2006 Ranks as 9th Warmest Year for Illinois, Illinois State Water Survey

Press Release

For Immediate Release January 3, 2007
2006 Ranks as 9th Warmest Year for Illinois
Source:   
Contact:   
Jim Angel - (217) 333-0729, Fax: (217) 244-0220, jimangel@illinois.edu
Eva Kingston - (217) 244-7270, Fax: (217) 333-6540, eva@sws.uiuc.edu

"Based on preliminary data, temperatures of 54.0°F statewide (1.8°F above 30-year normals) made 2006 the 9th warmest year in Illinois since 1895. This was largely the result of a record-setting January last year with an average temperature of 37.9°F, 13.3°F above normal," said State Climatologist Jim Angel of the Illinois State Water Survey (http://www.sws.uiuc.edu), a division of the Illinois Department of Natural Resources.

"Similar annual average temperatures in recent years occurred in 1998 (55.0°F, 3rd warmest), 1987 (53.8°F, 12th warmest), 2005 (53.8°F, 13th warmest), and 1991 (53.7°F, 14th warmest). Top ranked years remain 1921 with 55.6°F and 1931 with 55.3°F," said Angel.

It was the 15th warmest December on record with temperatures 5.4°F above normal. Temperatures the first 9 days were 13 degrees below normal and then 12.9 degrees above normal the last 22 days. December temperature extremes ranged from -7°F at Dixon, Rochelle, and Havana on December 8 to 69°F at Grayville on December 18.

Statewide precipitation for 2006 was 41.11 inches, 2.32 inches or 6 percent above normal. While most of the state was wetter than normal last year, areas around Quincy and east of St. Louis were drier than normal. December precipitation, the 13th wettest December on record, averaged 3.67 inches, 0.98 inches or 37 percent above normal. Claremont reported 2.93 inches, the largest one-day rainfall on December 1, and Grand Chain Dam reported 7.12 inches, the largest monthly total. Other than snowfall from the November 30–December 1 winter storm, which received wide press coverage, no other significant snowfall was reported in Illinois during December.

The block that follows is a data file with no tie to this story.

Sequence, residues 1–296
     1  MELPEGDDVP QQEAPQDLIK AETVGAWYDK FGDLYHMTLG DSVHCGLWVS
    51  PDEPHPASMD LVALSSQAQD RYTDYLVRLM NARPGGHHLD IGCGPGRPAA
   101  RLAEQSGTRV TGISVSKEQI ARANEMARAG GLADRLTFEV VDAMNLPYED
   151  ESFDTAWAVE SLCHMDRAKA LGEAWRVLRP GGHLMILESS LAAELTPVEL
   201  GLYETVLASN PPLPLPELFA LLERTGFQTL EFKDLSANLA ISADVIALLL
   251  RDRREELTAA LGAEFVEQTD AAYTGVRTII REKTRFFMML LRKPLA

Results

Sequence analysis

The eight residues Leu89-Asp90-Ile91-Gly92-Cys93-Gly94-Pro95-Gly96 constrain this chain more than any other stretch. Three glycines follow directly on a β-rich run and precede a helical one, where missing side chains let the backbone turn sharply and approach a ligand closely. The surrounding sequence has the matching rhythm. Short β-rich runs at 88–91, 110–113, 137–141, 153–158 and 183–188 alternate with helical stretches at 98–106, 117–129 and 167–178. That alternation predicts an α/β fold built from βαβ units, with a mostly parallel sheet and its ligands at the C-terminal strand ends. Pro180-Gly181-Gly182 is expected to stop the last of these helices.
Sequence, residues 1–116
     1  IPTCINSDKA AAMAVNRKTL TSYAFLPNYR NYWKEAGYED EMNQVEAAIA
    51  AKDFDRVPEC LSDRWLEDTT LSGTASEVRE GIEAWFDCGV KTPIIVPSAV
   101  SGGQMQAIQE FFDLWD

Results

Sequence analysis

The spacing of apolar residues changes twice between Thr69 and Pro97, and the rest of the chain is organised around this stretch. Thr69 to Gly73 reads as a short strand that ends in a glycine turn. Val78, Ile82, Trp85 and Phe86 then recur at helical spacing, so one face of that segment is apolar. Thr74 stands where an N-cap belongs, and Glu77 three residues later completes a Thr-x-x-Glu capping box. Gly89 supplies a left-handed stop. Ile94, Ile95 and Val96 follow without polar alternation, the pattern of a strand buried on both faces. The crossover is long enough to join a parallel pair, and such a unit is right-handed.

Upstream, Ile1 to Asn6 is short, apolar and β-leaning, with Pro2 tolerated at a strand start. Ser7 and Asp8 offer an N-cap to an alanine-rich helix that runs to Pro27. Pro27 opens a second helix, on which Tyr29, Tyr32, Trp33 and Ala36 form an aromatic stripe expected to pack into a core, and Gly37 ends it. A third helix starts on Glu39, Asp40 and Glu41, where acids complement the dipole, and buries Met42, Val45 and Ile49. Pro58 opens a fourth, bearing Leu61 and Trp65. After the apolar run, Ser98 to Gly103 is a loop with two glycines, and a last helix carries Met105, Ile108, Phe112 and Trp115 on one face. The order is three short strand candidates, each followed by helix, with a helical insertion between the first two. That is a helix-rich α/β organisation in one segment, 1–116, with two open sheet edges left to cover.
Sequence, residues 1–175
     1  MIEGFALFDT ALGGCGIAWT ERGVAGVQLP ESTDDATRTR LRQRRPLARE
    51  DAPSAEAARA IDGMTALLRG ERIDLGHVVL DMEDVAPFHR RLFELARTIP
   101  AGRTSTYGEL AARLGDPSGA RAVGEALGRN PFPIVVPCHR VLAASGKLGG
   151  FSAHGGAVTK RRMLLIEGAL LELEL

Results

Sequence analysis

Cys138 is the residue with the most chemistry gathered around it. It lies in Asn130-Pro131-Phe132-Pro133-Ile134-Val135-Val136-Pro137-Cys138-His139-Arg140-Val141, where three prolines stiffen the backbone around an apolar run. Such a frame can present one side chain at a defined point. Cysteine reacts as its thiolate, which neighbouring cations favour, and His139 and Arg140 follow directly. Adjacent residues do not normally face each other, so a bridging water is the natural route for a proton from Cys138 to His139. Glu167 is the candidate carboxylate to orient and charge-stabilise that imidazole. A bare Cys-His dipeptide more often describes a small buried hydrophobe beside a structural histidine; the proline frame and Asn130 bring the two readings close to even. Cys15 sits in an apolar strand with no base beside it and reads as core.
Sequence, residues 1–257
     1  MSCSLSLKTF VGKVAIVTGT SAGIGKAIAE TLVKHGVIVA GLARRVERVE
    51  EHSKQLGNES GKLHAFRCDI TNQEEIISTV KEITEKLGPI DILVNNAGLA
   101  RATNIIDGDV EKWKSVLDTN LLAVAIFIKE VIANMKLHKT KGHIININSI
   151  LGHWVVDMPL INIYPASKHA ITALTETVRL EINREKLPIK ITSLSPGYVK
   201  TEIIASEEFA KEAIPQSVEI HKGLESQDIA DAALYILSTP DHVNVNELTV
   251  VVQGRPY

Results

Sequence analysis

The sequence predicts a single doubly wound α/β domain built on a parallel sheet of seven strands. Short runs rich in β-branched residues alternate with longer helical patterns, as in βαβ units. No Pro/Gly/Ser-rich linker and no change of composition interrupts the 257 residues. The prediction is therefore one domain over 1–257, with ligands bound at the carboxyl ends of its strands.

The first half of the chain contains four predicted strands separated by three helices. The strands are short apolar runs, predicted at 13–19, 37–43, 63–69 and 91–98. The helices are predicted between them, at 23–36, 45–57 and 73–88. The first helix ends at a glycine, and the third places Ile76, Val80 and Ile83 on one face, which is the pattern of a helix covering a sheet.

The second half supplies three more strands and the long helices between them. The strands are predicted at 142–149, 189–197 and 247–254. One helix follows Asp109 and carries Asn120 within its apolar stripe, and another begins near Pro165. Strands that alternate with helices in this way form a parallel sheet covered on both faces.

The National Weather Service outlook for January–March calls for temperatures above normal and precipitation below normal across Illinois. That forecast is driven largely by a moderate El Niño event now present in the Pacific Ocean but expected to diminish gradually in the next few months.

"Even so, we can still expect periods with temperatures and precipitation more typical of the winter season," concludes Angel.

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